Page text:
Do you want the gadget-iest phone available? If you want a cell phone that doubles as a handheld organizer, that decision may dictate your choice of carrier. The two most aggressive marketers of smartphones are Sprint and T-Mobile, which have been first to sell such popular models as the Treo 600 (Sprint will be the first carrier to offer PalmOne's new Treo 650), the Sidekick and Sidekick II, and the new BlackBerry 7100t. Cingular is a little further behind, followed by Verizon. Nextel is dead last; it waited until a few weeks ago to offer its first camera phone, a good two years after the competition.
Do you plan to use your phone to go online? Wireless Web access is no longer a joke, thanks to improvements in data technology and cellphone screens. The fastest connections around are the "1X RTT" services offered by Sprint and Verizon, which top out at almost three times the speed of a landline modem. Cingular and T-Mobile's "EDGE" and "GPRS" offerings are a tad slower.
Transcript: Rob answered reader questions on the cell phone guide.
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___Personal Tech E-letter___ Washington Post personal technology columnist Rob Pegoraro answers reader e-mail and expands on themes he touches on in his weekly newspaper column. The e-mail version of this weekly feature includes links to the latest gadget and software reviews.
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How much do you plan on calling? Offers of unlimited or might-as-well-be-unlimited night and weekend minutes mean you only need think about calls between 6 or 7 a.m. and 9 p.m. on weekdays. If in doubt, get a cheaper plan; you can always switch to a plan with more minutes, although that may require extending your contract.
Cingular and Sprint have come up with two smart twists on standard pricing. Cingular lets you carry over unused minutes into the next month, while Sprint's customers can be automatically bumped to a higher calling plan if they exceed their included minutes.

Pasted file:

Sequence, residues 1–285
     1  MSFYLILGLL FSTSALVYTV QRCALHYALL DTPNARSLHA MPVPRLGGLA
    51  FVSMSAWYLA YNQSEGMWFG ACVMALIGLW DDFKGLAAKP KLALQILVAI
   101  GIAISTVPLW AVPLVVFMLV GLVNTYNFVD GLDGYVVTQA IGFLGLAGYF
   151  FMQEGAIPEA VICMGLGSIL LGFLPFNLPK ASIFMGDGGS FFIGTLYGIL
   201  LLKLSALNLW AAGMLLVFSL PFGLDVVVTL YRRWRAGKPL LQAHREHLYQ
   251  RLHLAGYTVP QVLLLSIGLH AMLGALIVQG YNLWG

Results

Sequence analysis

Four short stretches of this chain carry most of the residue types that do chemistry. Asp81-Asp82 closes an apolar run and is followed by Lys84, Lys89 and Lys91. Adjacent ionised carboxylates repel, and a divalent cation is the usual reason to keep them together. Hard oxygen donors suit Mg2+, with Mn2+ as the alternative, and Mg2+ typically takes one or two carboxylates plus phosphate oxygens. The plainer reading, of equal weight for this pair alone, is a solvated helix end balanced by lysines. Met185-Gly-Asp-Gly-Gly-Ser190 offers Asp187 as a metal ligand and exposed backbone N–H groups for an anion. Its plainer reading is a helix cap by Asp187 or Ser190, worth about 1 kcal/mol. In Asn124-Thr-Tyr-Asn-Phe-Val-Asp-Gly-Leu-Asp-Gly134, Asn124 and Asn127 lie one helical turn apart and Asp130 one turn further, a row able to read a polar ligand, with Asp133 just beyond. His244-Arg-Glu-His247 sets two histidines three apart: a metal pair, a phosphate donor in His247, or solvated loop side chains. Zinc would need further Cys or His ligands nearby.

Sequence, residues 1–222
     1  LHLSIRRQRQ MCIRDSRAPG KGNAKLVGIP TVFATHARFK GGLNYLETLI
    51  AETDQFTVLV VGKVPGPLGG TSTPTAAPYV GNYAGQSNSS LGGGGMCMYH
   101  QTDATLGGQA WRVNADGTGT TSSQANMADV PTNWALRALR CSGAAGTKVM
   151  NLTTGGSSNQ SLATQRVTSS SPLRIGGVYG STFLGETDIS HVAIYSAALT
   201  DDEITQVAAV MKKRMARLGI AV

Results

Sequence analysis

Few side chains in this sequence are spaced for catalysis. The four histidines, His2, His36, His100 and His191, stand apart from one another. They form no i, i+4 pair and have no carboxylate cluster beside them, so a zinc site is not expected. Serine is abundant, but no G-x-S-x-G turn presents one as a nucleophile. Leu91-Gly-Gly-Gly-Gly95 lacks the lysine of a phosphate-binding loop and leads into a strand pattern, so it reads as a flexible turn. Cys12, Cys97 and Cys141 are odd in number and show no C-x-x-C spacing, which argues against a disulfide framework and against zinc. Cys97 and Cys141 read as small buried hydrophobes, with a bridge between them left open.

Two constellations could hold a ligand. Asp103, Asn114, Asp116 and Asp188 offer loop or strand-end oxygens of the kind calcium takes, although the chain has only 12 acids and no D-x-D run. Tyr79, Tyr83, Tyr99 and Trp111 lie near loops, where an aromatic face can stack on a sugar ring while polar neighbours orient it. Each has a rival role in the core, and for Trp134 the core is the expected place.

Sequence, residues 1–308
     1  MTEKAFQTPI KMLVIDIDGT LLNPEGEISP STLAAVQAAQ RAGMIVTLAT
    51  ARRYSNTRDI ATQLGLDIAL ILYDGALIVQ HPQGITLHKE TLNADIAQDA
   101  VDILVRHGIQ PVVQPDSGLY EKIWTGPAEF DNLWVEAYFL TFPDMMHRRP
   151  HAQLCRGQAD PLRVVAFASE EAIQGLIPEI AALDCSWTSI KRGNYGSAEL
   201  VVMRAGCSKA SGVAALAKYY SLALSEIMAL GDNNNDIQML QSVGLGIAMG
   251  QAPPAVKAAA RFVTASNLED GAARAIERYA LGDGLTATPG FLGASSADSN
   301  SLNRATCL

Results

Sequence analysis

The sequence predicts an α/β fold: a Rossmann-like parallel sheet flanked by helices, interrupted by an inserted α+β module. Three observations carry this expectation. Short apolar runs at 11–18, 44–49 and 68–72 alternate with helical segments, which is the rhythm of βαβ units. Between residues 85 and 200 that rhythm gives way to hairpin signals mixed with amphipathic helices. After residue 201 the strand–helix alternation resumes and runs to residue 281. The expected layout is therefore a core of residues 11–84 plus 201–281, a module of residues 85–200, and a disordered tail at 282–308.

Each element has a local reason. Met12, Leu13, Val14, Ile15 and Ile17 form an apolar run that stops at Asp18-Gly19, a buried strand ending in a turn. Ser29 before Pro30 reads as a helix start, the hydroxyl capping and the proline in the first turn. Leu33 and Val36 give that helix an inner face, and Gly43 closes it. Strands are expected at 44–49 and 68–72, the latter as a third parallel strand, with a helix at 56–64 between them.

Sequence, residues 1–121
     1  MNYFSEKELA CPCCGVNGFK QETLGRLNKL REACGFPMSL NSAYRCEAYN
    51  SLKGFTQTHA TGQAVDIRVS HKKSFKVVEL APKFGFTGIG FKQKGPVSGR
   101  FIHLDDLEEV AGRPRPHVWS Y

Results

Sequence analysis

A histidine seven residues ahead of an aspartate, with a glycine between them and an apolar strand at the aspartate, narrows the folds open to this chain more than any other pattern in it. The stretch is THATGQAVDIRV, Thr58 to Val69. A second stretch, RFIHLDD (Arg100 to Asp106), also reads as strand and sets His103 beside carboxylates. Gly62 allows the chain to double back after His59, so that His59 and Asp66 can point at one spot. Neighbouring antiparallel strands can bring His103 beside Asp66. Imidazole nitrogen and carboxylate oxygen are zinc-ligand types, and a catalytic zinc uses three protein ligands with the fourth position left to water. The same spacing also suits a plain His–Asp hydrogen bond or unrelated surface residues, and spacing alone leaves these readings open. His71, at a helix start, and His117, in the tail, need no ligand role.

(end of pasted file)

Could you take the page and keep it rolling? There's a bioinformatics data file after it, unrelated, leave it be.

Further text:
In one area, however, the competitive juices of the wireless market aren't flowing properly: Under-$30 plans, once a commonplace offering by carriers, have all but died out. If you need a phone only on rare occasions, look into prepaid service.
This is the equivalent of getting a calling card for your long-distance use: You buy an allotment of minutes and don't have to pay again until either the minutes are gone or a certain time has elapsed, often 90 days. The major carriers, save Sprint, sell prepaid service, as do such third-party firms as TracFone and Virgin Mobile (which itself resells Sprint service).
What if you realize you made the wrong call? Whether you wait out your contract or eat the early-termination fee, you can still leave and take your number with you, thanks to the "wireless number portability" policy enacted by the Federal Communications Commission last year. That's one of the best moves the government has done for customers lately, giving them yet another way to keep these competitors honest.
Living with technology, or trying to? E-mail Rob Pegoraro at firstname.lastname@example.org.